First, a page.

Next, you need to tell Exim that incoming recipient addresses that match the format above should be delivered to the mailbox identified by the portion before the first equal ("=") sign. For this purpose, you want to insert a redirect router early in the routers section of your configuration file - before any other routers pertaining to local deliveries (such as a system alias router):


hashed_local:
  debug_print       = "R: hashed_local for $local_part@$domain"
  driver            = redirect
  domains           = +local_domains
  local_part_suffix = =*
  data              = $local_part@$domain

Recipient addresses that contain a equal sign are rewritten such that the portion of the local part that follows the equal sign are stripped off. Then all routers are processed again.

A.11.4. ACL Signature Check

The final part of this scheme is to tell Exim that mails delivered to valid recipient addresses with this signature should always be accepted, and that other messages with a NULL envelope sender should be rejected if the recipient has opted in to this scheme. No greylisting should be done in either case.

The following snippet should be placed in acl_rcpt_to, prior to any SPF checks, greylisting, and/or the final accept statement:


  # Accept the recipient addresss if it contains our own signature.
  # This means this is a response (DSN, sender callout verification...)
  # to a message that was previously sent from here.
  #
  accept
    domains     = +local_domains
    condition   = ${if and {{match{${lc:$local_part}}{^(.*)=(.*)}}\
                            {eq{${hash_8:${hmac{md5}{SECRET}{$1}}}}{$2}}}\
                           {true}{false}}

  # Otherwise, if this message claims to be a bounce (i.e. if there
  # is no envelope sender), but if the receiver has elected to use
  # and check against envelope sender signatures, reject it.
  #
  deny
    message     = This address does not match a valid, signed \
                  return path from here.\n\
                  You are responding to a forged sender address.
    log_message = bogus bounce.
    senders     = : postmaster@*
    domains     = +local_domains
    set acl_m9  = /home/${extract{1}{=}{${lc:$local_part}}}/.return-path-sign
    condition   = ${if exists {$acl_m9}{true}}


You will have an issue when sending mail to hosts that perform callout verification on addresses in the message header, such as the one provided in the From: field of your outgoing mail. The deny statement here will effectively give a negative response to such a verification attempt.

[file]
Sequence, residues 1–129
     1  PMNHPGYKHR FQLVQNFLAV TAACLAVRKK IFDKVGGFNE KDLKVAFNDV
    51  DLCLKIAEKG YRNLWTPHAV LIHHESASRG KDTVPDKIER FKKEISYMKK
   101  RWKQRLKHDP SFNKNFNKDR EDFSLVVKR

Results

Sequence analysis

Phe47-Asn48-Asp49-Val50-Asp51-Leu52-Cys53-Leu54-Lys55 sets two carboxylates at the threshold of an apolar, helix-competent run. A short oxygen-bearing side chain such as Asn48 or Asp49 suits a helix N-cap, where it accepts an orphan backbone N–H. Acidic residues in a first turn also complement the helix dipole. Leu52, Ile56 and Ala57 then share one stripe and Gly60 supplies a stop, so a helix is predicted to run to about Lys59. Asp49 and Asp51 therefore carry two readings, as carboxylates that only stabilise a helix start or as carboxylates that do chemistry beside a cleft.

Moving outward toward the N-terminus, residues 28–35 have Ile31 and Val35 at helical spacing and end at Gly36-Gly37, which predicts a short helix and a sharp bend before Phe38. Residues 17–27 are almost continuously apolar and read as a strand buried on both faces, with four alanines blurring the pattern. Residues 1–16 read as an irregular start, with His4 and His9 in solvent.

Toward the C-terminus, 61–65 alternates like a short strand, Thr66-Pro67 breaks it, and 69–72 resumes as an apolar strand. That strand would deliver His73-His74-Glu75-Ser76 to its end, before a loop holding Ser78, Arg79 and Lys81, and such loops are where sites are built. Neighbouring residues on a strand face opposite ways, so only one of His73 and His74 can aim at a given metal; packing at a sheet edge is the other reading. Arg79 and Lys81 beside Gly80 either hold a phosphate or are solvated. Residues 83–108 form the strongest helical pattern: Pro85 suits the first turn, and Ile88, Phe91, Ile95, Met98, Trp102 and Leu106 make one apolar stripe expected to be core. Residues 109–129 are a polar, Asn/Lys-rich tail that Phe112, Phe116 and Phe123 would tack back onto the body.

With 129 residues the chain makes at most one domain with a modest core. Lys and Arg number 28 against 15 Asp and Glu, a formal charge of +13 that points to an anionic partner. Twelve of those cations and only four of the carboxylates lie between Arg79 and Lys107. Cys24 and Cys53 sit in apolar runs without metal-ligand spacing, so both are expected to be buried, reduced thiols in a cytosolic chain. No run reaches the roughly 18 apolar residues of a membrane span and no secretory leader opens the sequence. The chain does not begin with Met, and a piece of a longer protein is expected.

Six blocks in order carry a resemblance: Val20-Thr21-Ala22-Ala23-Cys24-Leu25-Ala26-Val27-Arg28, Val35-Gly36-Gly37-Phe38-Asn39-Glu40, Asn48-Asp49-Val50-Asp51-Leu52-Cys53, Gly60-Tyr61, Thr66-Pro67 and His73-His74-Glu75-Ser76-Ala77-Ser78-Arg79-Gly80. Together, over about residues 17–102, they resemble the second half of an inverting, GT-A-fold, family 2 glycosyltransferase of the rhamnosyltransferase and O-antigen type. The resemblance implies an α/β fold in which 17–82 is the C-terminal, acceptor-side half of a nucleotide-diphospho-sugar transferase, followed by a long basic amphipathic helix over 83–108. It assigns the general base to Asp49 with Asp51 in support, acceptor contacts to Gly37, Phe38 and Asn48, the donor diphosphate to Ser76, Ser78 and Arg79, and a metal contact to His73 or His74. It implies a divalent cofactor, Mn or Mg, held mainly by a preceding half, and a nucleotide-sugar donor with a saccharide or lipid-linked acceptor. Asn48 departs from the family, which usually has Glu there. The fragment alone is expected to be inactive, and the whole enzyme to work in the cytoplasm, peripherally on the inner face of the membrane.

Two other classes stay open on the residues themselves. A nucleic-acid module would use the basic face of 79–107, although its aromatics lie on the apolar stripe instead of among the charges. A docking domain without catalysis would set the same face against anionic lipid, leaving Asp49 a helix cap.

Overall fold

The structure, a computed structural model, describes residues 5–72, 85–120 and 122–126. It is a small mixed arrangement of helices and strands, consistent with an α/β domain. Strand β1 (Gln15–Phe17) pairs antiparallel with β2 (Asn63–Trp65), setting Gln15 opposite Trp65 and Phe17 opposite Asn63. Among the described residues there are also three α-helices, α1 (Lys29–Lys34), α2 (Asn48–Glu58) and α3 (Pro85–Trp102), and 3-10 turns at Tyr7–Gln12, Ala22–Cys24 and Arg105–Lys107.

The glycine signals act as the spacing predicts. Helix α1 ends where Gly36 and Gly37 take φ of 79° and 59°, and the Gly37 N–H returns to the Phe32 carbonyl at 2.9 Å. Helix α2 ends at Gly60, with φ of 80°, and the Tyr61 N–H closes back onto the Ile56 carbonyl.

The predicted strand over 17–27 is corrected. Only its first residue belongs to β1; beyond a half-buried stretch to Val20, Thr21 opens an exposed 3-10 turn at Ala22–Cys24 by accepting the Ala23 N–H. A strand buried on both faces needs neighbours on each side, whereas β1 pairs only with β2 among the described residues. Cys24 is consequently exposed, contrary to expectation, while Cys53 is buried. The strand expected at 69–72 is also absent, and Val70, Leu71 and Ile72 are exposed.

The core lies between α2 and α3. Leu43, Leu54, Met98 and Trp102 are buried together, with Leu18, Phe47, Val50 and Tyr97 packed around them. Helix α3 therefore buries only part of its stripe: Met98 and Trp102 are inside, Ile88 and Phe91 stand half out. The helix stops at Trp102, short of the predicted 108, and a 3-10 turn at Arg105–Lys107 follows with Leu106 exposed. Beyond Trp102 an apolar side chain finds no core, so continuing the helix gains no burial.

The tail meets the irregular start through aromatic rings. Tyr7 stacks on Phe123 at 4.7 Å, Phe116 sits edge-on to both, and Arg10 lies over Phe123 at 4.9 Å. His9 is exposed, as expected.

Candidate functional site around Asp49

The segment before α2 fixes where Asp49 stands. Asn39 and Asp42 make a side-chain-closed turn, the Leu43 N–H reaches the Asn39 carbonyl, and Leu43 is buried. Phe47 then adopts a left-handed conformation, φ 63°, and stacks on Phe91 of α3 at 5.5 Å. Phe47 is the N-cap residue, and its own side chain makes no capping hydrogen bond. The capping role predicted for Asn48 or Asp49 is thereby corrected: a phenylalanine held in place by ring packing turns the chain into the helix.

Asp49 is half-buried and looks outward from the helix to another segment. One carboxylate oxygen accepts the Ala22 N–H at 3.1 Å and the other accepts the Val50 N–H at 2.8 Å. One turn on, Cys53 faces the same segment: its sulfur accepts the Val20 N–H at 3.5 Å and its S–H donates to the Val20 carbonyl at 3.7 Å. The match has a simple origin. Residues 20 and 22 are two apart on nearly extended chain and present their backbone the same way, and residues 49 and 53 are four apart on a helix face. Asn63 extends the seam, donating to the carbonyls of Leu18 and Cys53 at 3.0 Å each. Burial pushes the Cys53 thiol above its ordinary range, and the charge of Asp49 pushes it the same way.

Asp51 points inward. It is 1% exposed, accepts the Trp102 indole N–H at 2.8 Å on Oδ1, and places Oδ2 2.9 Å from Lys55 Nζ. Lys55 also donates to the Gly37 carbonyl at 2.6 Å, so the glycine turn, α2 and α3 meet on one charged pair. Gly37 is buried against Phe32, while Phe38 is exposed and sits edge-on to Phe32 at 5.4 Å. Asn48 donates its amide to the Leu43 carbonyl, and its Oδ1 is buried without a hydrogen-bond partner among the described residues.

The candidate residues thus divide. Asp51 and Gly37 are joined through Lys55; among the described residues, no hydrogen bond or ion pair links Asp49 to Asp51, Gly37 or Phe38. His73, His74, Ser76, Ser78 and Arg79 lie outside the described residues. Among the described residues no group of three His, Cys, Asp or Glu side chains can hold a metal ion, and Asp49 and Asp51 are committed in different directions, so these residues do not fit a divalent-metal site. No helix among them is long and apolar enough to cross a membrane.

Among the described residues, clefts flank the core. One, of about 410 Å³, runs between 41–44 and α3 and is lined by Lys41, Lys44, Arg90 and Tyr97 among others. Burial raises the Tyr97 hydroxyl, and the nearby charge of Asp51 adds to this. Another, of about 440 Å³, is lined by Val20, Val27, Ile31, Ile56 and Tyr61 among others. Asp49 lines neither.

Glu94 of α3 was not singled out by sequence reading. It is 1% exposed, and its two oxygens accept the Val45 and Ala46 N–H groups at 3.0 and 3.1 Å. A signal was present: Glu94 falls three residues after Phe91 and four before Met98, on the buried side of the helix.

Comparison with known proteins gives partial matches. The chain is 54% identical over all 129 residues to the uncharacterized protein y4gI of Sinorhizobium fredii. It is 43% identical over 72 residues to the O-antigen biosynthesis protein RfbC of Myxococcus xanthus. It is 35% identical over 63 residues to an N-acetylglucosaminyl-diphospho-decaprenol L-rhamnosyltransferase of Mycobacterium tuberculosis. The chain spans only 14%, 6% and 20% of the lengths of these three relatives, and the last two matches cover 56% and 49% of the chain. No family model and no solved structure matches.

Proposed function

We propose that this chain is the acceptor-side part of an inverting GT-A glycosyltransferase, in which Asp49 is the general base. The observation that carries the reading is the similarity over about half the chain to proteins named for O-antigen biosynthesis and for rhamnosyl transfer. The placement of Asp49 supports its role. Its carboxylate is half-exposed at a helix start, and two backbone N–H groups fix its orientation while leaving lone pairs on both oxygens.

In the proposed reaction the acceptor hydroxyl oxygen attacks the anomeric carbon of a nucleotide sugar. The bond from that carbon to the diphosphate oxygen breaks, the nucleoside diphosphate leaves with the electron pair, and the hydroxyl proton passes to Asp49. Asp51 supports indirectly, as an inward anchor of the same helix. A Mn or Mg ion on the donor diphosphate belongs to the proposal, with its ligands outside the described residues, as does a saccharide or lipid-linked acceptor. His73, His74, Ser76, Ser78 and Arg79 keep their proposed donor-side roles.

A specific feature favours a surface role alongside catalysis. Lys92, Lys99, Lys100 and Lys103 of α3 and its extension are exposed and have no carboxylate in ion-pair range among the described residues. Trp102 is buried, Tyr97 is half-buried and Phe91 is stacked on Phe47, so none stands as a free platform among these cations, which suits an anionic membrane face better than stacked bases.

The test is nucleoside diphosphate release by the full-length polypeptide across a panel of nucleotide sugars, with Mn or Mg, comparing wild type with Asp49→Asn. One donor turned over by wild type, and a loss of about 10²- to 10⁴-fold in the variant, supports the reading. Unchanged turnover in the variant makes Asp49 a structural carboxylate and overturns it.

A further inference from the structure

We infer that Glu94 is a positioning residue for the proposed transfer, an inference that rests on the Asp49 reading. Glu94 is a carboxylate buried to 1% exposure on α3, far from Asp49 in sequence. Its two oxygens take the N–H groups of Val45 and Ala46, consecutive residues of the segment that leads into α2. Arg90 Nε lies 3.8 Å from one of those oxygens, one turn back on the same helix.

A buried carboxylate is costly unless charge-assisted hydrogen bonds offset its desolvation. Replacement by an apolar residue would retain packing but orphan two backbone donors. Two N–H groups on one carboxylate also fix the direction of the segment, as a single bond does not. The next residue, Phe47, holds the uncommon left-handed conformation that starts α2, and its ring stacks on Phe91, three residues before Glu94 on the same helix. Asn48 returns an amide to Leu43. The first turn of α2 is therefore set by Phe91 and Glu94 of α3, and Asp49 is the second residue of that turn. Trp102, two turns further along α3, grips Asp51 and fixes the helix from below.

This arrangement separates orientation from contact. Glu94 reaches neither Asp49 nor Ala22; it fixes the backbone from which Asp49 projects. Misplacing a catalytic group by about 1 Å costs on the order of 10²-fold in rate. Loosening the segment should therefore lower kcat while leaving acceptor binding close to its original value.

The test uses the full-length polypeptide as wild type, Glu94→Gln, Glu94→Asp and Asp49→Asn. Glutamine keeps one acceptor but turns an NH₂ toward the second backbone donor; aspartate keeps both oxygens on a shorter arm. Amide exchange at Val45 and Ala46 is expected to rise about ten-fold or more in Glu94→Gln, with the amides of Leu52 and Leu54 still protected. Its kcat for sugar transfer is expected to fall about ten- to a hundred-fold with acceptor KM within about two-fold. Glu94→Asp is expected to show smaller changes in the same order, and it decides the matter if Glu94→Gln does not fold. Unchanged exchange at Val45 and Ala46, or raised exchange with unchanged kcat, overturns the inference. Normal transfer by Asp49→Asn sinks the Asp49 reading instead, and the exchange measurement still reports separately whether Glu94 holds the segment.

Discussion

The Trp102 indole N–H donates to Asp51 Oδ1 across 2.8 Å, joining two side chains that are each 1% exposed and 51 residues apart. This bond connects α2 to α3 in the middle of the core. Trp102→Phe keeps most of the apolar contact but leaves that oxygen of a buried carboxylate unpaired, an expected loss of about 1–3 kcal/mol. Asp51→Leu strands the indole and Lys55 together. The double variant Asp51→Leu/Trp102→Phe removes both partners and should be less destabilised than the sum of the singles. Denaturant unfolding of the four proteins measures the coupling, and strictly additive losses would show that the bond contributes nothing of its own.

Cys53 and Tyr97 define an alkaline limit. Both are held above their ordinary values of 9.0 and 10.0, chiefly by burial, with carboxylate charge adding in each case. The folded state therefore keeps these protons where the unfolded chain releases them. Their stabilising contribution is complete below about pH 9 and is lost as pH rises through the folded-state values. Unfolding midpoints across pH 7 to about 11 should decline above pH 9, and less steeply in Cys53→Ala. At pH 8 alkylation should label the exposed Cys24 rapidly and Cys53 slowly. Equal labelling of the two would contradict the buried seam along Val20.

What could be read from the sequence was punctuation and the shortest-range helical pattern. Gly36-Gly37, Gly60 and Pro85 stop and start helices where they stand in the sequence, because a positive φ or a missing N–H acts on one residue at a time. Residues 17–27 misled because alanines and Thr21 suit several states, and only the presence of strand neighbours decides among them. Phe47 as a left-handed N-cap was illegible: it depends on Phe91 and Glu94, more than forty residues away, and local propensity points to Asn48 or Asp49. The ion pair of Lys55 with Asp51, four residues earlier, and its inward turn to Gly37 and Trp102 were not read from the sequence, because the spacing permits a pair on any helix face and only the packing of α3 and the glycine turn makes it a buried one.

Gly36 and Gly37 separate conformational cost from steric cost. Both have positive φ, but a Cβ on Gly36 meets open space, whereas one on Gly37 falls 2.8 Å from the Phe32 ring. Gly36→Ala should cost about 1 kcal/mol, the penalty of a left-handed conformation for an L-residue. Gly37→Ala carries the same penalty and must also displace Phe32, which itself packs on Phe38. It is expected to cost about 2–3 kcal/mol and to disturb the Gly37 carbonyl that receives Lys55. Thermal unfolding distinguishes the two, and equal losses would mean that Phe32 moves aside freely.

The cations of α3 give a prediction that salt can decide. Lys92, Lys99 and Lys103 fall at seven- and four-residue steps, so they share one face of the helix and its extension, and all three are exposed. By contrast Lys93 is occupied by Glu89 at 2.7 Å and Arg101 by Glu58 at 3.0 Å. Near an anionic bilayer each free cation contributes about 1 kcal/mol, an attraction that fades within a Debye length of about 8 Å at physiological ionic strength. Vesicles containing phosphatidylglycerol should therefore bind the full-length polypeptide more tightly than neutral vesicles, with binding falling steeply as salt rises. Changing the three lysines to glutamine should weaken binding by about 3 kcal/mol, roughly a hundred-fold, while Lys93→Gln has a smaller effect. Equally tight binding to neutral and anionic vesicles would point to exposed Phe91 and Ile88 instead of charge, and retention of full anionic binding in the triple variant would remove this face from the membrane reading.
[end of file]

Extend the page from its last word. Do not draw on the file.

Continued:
For that reason, you may want to convert the last deny statement into a warn statement, store the rejection message in $acl_m0, and perform the actual rejection after the DATA command, in a fashion similar to previously described:


  # Otherwise, if this message claims to be a bounce (i.e. if there
  # is no envelope sender), but if the receiver has elected to use
  # and check against envelope sender signatures, store a reject
  # message in $acl_m0, and a log message in $acl_m1.  We will later
  # use these to reject the mail.  In the mean time, their presence 
  # indicate that we should keep stalling the sender.
  #
  warn
    senders     = : postmaster@*
    domains     = +local_domains
    set acl_m9  = /home/${extract{1}{=}{${lc:$local_part}}}/.return-path-sign
    condition   = ${if exists {$acl_m9}{true}}
    set acl_m0  = The recipient address <$local_part@$domain> does not \
                  match a valid, signed return path from here.\n\
                  You are responding to a forged sender address.
    set acl_m1  = bogus bounce for <$local_part@$domain>.

Also, even if the recipient has chosen to use envelope sender signatures in their outgoing mail, they may want to exempt specific hosts from having to provide this signature in incoming mail, even if the mail has no envelope sender address. This may be required for specific mailing list servers, see the discussion on Envelope Sender Signature for details.

Notes

[1]

If you think this is an overkill, would I tend to agree on the surface. In previous versions of this document, I simply used ${hash_8:SECRET=....} to generate the last component of the signature. However, with this it would be technically possible, with a bit of insight into Exim's ${hash...} function and some samples of your outgoing mail sent to different recipients, to forge the signature. Matthew Byng-Maddic notes: What you're writing is a document that you expect many people to just copy. Given that, kerchoff's principle starts applying, and all of your secrecy should be in the key. If the key can be reversed out, as seems likely with a few return paths, then the spammer kan once again start emitting valid return-paths from that domain, and you're back to where you started. [...] Better, IMO, to have it being strong from the start.

[2]

In the examples above, the senders condition is actually redundant, since the file /home//.return-path-sign is not likely to exist. However, we make the condition explicit for clarity.